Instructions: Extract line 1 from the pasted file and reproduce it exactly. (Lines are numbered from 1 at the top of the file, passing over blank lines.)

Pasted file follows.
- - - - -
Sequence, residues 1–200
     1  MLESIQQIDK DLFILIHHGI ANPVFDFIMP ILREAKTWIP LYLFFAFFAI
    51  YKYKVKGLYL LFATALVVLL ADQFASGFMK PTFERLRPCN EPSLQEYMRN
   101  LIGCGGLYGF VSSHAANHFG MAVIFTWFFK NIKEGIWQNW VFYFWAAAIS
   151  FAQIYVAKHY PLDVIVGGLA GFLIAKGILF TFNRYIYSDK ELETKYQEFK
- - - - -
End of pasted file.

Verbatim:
Sequence, residues 1–200